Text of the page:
Elections in a stable democracy can be exciting, contentious and even nasty, but they should never become uncertain.
One senses that the Democratic Party, in its ferocious power hunger, has lost sight of every competing virtue. To put it charitably, one hopes that Al Gore does not really understand that he is playing with fire.
The gracious 1960 concession of Vice President Richard Nixon to Sen. John F. Kennedy has been cited a number of times since the current battle began -- to the point where liberals are clearly sick and tired of hearing about it. Stop making a hero out of Nixon, they insist. He didn't want to concede but was strong-armed into it by President Eisenhower, who feared instability.
OK, where is the equivalent Democratic graybeard willing to step forward and call upon Gore to desist from this monomaniacal quest? On television a few minutes ago, Richard Gephardt, minority leader of the House, and Tom Daschle, Senate minority leader, appeared jointly with a phoned-in Al Gore to say that they support his contest of the election results in Florida.
Why is this playing with fire? Because political stability is among the most precious of virtues a nation can possess. The United States has endured its share of teasing from Europeans and others about how little difference there is between the political parties. But that is a strength, not a weakness. Other nations must contend with communists and fascists in their national parliaments, along with general strikes, rioting and plunging currencies. The United States has nearly always sailed serenely on, electing now Democrats and now Republicans, and always exchanging the reigns of government not just without violence but with courtesy and sometimes even a measure of grace.
Our rock-solid political stability is part of what makes us a world leader, and it is also part of what makes us the most attractive nation on earth for foreign investment. The expectation of continued stability is crucial for economic progress, risk-taking and growth. Perhaps we have become a bit smug about our system -- certain that nothing can shake it. But in truth, all human institutions, from banks to governments, rest upon a foundation of faith. Our faith was once summed up as "A nation of laws, not of men."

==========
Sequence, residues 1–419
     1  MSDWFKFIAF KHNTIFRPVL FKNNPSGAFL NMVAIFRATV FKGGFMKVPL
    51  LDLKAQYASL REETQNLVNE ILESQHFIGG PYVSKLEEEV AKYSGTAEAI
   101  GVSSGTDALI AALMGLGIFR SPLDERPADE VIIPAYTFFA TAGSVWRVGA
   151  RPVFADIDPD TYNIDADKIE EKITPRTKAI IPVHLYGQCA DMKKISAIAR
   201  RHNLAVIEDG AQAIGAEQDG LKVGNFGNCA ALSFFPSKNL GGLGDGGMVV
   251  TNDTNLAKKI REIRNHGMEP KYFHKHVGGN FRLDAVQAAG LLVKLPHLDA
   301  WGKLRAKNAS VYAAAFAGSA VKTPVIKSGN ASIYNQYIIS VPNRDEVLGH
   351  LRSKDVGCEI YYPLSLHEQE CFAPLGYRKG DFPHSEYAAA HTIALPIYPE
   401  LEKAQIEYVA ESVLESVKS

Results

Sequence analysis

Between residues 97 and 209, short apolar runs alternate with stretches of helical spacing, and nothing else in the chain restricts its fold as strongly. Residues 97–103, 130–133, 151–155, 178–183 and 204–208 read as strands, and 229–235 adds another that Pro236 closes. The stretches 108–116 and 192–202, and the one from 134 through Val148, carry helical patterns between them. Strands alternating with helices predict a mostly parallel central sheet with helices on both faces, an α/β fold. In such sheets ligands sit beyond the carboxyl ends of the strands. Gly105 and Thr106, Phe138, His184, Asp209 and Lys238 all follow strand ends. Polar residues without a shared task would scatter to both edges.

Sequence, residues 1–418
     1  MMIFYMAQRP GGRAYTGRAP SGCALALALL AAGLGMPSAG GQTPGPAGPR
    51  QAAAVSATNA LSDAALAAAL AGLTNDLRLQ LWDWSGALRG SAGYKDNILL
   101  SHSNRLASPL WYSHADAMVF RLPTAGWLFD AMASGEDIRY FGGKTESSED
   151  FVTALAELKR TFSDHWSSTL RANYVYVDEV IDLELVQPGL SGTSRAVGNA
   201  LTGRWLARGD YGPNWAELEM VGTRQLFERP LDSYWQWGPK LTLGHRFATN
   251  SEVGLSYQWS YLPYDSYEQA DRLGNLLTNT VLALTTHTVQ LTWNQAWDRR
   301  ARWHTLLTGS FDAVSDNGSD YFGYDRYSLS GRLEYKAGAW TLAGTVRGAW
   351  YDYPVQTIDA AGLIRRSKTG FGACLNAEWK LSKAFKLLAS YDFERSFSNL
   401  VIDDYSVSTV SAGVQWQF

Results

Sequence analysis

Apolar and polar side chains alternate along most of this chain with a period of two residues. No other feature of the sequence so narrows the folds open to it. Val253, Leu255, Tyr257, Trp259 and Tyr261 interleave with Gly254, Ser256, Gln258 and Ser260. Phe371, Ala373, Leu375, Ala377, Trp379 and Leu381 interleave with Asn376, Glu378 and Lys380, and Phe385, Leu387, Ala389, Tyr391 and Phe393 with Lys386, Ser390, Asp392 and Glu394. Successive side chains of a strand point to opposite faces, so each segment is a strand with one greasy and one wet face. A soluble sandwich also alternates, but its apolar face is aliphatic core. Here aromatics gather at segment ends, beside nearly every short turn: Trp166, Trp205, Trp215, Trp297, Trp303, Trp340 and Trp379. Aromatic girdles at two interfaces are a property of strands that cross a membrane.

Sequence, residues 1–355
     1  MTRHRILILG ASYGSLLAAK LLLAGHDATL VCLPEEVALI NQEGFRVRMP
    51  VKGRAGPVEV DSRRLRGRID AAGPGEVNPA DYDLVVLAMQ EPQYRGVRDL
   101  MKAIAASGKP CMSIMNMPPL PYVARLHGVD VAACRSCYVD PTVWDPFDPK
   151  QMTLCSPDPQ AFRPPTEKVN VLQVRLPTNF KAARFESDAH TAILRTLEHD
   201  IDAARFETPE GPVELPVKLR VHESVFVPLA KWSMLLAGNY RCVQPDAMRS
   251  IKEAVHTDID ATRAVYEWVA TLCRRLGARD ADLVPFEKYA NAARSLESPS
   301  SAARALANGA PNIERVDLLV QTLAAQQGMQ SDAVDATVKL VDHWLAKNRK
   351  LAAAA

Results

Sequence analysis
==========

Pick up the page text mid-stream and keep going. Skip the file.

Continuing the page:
Democrats will counter that we have suffered plenty of skullduggery and corruption in our past elections and lived to tell the tale. True. But there is a difference between legerdemain before an election and unending litigation afterward. If elections do not provide finality to political debates, what will?
Al Gore is hoping that the answer is the courts.
Actually, Gore doesn't seem to care what the answer is, as long as he gets what he wants. His great rallying cry for the first several days after the election was "the will of the people."
But no one ever explained how the will of the nearly 6 million Floridians who voted on Nov. 7 would be divined by hand counting votes from only four counties. Nor is it clear that with one county including only "hanging chads" and another including "dimpled chads" the true will of the voters of Florida would stand revealed.
And while Gore exalted the rights of the local communities to hand count ballots if they so chose, he turned around and sued the Democratic officials who declined to engage in a hand count. And when it seemed that counting only dislodged chads wasn't getting him the total he needed, he demanded that the rules be changed to include pregnant chads.
Bush has now won two machine counts and maintained a margin of victory despite the extension of time afforded to counties by Florida's Supreme Court. That's about as final a tally as it is possible to get this year.
As William R. Brody, president of Johns Hopkins University, pointed out in The Washington Post last week, even a hand recount of the entire state would bring us no closer to the goal of a true and reliable result. The race was simply so close that the margin of error for any count would be larger than the margin of victory.
Albert Gore should concede. It is what the best Americans do.